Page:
The usual great characterization and sense of place, and less horror or suspense than I expected. I brought a lot to the story: reading The Shining was one of those incandescent moments in my childhood. I didn't realize then (at 12? 13?) how *young* Danny was in that book; if I read it now, I would be even more terrified for him.
In the bulk of Doctor Sleep, the child with the shining is 13, and more powerful, and in less danger, it felt to me. Plus she has strong allies and supportive parents--she's not being stalked by one of them. But I'm older, too, and less interested in being scared out of my pants, so those changes were fine by me.
What really got me was how King caught the visceral spiral of alcoholism, and how hard it is to get back on track when you've fallen off (with "morning-after junkbelly"). Grown-up Dan's personal problems are tougher than beating up some camper-vampire, and the fear I felt was that he would not overcome them. I've met people just like him who haven't.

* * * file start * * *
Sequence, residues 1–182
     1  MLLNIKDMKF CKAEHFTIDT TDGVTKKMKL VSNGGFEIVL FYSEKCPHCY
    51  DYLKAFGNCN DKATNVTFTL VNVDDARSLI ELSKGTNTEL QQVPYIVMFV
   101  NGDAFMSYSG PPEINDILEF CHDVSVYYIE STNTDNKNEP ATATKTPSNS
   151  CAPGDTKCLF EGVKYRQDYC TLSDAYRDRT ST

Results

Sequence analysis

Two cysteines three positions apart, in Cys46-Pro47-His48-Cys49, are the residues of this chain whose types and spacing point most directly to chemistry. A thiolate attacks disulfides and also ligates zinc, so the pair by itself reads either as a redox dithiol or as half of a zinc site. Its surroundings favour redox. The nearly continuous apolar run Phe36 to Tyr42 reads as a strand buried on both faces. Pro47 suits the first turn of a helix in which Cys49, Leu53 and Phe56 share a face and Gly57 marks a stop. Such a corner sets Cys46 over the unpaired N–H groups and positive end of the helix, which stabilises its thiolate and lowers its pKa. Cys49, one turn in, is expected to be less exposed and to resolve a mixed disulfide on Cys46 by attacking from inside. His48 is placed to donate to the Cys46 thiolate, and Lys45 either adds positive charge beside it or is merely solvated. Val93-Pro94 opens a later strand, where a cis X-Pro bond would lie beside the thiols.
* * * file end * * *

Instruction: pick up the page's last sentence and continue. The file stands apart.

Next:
He thought: If I drink, the Overlook wins. Even though it burned to the ground when the boiler exploded, it wins. If I don't drink, I go crazy.
I especially liked the townies where Dan finds work, and I hope my end (if in a hospice) is attended by someone like Dan. And all the little details of folks just living their lives. Here's the girl's father, talking distractedly to his wife :
'Oh. Okay. Is that all?'
'No, it is not all!' Nearly shouting at him in that why-are-men-so-stupid voice that he absolutely loathed, the one he told himself was a part of her Italian heritage without ever considering that he might, on occasion, actually be quite stupid.